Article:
Winter; a word that strikes fear into a gardener’s heart. Well, that is a bit of a dramatization although it is not my favorite time of the year. However, starting today the days will be getting longer and while I will be hard pressed to see the difference early in the season, give it another month and it will be noticeable.
This year has been one of the wettest on record and last night we had more rain. According to the weatherman we had rain 40% of the time of the year which equates to 146 rainy days out of (almost) 365 days! Most of the time we had torrential downpours and I am actually surprised my garden coped with the continued wet conditions as well as it did. Of course, putting willows in wet clay soil was a no brainer; they like wet feet and the roots bust clay soil. Others were planted “high”, meaning in a slightly raised bed with a gentle slope away from the trunk of the plant. I also added plants which can handle wet conditions and it will be interesting to see how well my garden will do in the foreseeable future (as in a drier year!).
After last night’s rain I checked the window wells in the basement for frogs. It’s a bit late in the season, but since temperatures were balmy (50s for the past few days and in the 60s today) the occasional frog might have been hopping around in the garden. Good thing I looked as I found the biggest frog in the window well yet. This goliath happily posed to have its picture taken before I put it back in the pond and it swam off.
While the gardening year has pretty much come to an end I still walk around the garden on nice days and observe bulbs (grape hyacinths and Dutch irises) planted over a month ago pushing greenery up through the soil. Already, the promise of spring can be observed all over, from these green shoots to the bright red eyes of peonies waiting for spring weather or the buds on both my Magnolia tree as well as the Witch hazels.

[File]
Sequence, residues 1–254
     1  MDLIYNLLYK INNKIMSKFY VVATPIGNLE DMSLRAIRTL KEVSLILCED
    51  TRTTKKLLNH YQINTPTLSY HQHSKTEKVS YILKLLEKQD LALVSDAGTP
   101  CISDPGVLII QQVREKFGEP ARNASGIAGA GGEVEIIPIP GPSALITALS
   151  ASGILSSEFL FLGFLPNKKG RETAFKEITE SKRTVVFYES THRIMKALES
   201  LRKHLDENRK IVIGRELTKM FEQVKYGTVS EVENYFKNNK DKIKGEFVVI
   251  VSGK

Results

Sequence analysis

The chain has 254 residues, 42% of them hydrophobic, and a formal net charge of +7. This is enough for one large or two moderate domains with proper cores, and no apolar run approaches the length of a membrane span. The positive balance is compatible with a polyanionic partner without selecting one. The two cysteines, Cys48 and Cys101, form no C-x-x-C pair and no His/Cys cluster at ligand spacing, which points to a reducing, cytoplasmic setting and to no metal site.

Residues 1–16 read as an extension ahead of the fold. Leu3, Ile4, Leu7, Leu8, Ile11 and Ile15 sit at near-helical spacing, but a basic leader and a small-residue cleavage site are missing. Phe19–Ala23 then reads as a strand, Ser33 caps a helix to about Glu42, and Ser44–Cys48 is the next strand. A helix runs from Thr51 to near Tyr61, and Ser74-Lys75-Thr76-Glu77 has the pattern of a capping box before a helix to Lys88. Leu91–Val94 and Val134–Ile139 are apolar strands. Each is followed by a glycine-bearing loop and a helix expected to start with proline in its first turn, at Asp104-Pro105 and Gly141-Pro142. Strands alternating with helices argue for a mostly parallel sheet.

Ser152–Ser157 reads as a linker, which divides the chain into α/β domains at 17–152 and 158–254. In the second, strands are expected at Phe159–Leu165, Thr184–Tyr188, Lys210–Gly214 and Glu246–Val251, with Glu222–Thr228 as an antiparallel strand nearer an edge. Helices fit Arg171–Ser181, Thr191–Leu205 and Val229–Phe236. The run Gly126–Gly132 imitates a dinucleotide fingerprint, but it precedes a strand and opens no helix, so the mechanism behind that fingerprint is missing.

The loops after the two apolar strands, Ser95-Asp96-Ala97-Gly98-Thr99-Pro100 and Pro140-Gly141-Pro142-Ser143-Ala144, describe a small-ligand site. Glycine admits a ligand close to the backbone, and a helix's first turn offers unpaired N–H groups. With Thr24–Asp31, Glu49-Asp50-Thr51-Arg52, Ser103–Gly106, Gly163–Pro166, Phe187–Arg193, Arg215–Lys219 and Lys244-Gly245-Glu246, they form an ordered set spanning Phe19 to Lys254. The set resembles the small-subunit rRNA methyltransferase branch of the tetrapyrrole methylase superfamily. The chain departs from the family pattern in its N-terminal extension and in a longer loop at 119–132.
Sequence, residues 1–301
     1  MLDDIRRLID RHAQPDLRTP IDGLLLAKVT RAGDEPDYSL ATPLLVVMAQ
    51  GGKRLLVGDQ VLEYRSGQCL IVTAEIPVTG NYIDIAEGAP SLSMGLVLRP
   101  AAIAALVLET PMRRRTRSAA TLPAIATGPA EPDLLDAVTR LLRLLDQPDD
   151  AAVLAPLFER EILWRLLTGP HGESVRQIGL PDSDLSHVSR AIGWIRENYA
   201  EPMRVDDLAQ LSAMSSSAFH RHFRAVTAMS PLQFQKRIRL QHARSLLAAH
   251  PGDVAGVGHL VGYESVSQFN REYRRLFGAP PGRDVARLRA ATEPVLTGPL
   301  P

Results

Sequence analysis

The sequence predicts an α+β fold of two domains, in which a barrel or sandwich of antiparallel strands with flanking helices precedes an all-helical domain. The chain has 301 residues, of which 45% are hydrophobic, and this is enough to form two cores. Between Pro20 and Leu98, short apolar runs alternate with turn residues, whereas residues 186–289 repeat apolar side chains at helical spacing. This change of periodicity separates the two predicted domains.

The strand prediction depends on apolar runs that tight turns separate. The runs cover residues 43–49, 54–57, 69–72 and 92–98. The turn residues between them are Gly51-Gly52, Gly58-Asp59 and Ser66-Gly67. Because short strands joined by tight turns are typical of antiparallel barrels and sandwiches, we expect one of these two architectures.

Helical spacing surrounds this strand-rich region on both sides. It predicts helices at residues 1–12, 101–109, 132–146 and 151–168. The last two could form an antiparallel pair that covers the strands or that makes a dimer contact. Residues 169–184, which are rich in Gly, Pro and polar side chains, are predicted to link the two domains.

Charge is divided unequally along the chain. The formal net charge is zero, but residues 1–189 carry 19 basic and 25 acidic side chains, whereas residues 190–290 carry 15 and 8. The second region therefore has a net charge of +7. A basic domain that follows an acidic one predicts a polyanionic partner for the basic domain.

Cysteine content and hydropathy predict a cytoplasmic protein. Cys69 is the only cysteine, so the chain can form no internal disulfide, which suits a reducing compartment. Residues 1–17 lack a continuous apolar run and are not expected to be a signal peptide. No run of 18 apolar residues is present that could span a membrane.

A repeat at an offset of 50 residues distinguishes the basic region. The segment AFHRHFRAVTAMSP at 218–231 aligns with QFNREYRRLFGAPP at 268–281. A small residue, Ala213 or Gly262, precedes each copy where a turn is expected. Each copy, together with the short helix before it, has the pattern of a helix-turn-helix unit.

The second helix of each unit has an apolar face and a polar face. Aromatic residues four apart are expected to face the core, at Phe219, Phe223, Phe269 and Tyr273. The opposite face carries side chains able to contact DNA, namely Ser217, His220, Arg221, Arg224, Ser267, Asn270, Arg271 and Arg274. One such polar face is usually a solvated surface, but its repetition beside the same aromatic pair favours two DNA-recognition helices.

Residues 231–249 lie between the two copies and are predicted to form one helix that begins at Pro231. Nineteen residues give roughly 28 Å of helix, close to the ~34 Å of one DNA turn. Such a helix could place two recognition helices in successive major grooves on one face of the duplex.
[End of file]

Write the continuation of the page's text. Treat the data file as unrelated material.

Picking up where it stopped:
My ‘Dancing Butterfly’ peony, bought many years ago from K-mart for $4 eventually turned into a large plant. With bright pink flowers and equally bright yellow stamens it was a show stopper in my New Jersey garden next to the Japanese maple (see below). Before we even moved, I dug up a small piece and stuck it in a pot. It sat in that pot for a year, not doing much. That winter it was waterlogged when the soil froze, followed by heavy rains. I did not think it would live, but it did. The following spring we moved and several months later the plant got to stretch its roots in my garden and in 2017 it bloomed. This spring it bloomed with abandon but much to my chagrin the color combination of Pepto Bismol pink among the yellow-green evergreen shrubs was awful. “Thankfully”, peony flowers are not long lived so after 7-10 days of cringing at the color combination, the petals fell; my peony blended in once more. This fall I dug up this, now much larger plant, divided it into two and moved it to the pink bed where it will live in harmony with its neighbors.